April 14, 2014 by Liberty
First of all, the title of this article brings up a important point. People define hero in a very funny way these days. It seems like virtually everyone employed by government is blessed with this label. Some people that just have bad jobs are heroes. Sure, under the guise of the government story, I can understand why people would be fooled into thinking cops are always heroes. In fact, many cops probably are. Same goes with firefighters but the definition has to stretch a bit with each new addition.
Today though, it goes even farther. Teachers are heroes. Mailmen are heroes. Utility line worked (non-government) are heroes. By the definition people use today, virtually anyone can be considered a hero. While that might seem peachy to the new heroes, I find it a bit insulting to the people actually risking themselves on a regular basis.
I wouldn’t go calling a teacher a hero in front of a cop that threw himself in front of a bullet going towards a bystander. It’s just insulting.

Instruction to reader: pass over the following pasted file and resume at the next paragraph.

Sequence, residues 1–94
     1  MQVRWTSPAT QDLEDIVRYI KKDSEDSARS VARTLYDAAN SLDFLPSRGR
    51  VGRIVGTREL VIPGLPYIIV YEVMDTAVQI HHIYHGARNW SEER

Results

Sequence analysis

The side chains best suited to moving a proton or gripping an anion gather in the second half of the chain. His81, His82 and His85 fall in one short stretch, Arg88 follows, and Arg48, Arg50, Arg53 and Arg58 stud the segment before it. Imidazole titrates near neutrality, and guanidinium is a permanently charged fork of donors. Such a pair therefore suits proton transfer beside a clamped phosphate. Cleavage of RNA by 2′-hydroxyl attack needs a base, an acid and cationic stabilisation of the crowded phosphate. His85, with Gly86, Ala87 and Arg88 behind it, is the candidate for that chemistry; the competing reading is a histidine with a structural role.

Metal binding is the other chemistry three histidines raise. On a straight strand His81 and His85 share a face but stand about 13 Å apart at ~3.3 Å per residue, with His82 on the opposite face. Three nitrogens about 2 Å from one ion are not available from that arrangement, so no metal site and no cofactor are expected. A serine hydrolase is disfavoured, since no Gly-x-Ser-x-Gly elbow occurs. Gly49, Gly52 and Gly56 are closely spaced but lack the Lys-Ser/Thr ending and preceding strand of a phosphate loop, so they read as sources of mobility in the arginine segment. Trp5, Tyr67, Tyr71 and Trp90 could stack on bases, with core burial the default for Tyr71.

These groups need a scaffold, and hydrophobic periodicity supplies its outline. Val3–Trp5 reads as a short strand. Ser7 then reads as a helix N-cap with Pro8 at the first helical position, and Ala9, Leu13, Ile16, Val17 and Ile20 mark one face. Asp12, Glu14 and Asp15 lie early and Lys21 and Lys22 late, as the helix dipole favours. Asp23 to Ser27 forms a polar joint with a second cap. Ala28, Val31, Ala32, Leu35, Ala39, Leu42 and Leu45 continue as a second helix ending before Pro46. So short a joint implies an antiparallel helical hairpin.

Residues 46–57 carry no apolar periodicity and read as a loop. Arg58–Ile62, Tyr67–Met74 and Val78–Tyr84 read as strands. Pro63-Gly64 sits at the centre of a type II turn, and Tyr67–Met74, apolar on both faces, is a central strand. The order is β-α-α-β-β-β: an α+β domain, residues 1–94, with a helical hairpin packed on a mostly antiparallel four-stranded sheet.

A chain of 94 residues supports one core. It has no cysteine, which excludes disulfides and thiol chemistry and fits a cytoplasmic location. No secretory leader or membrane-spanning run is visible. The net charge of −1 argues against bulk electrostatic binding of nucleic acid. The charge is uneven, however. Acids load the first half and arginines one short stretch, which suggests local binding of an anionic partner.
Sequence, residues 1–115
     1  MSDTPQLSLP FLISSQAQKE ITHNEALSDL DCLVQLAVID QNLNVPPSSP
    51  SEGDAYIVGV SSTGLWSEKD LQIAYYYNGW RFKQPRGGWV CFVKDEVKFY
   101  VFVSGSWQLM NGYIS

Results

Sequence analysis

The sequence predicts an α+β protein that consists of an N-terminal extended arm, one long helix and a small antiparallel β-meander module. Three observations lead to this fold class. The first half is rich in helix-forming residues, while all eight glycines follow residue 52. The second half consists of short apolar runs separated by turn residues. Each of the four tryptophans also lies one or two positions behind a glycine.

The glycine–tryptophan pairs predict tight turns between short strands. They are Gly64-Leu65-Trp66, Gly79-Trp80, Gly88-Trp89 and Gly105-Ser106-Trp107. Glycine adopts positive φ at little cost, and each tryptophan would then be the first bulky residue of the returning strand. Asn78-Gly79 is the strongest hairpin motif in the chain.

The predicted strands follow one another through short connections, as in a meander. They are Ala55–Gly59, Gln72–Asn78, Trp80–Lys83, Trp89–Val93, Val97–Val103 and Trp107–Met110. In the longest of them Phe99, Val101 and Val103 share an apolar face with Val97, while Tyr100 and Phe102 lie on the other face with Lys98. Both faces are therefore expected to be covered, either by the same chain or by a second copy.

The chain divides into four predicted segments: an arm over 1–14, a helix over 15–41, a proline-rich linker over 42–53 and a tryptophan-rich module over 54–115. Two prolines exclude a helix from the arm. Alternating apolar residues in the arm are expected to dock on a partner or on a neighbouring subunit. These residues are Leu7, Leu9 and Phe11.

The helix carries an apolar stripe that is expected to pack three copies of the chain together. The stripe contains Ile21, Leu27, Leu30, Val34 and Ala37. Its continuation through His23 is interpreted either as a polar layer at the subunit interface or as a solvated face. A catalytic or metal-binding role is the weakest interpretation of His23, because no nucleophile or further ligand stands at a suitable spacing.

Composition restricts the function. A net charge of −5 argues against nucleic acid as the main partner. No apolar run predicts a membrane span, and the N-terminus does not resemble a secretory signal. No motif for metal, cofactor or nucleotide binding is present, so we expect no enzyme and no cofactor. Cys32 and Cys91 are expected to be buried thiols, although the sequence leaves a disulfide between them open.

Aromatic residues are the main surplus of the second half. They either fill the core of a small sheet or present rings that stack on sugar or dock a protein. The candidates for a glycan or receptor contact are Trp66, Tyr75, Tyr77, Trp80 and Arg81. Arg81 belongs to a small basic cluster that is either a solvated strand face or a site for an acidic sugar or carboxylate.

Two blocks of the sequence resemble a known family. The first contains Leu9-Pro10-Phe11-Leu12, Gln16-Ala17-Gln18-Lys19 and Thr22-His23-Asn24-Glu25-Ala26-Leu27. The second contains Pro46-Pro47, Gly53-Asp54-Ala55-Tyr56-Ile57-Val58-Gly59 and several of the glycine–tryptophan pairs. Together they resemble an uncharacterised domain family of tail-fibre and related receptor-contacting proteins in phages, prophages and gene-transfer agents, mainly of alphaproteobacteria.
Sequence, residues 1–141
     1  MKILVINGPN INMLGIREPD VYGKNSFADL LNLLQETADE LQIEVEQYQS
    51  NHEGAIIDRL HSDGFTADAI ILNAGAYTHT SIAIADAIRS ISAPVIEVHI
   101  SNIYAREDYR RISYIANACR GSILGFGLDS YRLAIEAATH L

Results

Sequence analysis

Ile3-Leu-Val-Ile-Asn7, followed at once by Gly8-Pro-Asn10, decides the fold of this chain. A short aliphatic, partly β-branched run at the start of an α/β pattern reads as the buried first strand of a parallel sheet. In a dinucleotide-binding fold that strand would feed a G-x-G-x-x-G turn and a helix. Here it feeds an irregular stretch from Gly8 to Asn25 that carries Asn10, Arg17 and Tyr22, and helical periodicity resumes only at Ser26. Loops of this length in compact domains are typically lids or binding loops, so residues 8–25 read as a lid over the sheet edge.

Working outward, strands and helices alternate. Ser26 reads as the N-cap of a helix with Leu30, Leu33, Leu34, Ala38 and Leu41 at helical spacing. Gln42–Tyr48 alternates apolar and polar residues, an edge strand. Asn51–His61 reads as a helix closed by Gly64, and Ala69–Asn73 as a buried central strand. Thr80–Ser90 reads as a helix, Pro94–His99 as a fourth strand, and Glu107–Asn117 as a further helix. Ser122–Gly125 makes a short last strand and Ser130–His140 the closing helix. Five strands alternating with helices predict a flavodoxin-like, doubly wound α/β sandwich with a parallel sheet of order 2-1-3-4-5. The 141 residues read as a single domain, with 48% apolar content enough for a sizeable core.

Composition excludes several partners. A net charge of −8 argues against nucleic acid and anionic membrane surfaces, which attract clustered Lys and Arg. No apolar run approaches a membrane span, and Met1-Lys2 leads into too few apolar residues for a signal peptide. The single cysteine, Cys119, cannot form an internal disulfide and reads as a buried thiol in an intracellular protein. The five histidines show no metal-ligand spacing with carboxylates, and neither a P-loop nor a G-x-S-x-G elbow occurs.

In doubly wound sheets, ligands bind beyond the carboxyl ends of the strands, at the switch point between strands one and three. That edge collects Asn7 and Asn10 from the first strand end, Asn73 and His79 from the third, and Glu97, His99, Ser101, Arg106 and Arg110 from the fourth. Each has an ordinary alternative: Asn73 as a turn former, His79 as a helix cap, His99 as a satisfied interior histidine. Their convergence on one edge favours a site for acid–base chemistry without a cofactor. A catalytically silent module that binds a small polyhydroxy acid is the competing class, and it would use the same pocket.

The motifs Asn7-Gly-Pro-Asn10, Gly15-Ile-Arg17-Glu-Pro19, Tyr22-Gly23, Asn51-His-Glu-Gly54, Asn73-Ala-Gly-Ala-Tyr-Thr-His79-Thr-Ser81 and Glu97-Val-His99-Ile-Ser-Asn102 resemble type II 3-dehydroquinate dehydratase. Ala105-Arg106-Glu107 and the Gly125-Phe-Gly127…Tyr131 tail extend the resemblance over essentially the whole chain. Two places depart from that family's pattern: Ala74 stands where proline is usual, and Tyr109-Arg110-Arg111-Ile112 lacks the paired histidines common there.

I’m going to be making a case that entrepreneurs risk themselves daily for the good of society. For that reason, they are legitimate heroes. No, they’re not teacher-level heroes. They actually fit with men and women pulling people out of burning homes. Certainly, the stresses they face are different but the dangers are very very real.
The stresses an entrepreneur faces add up to benefits for society as a whole, win or lose.
Without people willing to risk their own security as entrepreneurs the markets wouldn’t work. Prices would be higher. People would go without work. The world would be a noticeably worse place.
The Dangers Of Entrepreneurship
Starting a business is not a quick road to riches. It’s a painful and virtually hopeless pursuit for most entrepreneurs. Around 70% of businesses that open end up failing within the first decade. The loss of the business is usually not the biggest problem though. Most businesses require capital. That capital has to come from somewhere.